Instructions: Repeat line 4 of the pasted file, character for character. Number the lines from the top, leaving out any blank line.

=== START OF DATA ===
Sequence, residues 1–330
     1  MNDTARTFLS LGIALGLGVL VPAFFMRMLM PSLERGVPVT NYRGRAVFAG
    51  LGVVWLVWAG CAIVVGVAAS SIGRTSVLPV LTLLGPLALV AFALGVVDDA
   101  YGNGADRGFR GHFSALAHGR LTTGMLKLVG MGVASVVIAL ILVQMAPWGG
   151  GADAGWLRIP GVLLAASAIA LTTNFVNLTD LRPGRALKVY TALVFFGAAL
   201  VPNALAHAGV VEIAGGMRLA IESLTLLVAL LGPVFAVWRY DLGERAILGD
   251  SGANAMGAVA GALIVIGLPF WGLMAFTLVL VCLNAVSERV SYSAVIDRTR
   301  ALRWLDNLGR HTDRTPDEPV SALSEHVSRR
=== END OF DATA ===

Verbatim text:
   101  YGNGADRGFR GHFSALAHGR LTTGMLKLVG MGVASVVIAL ILVQMAPWGG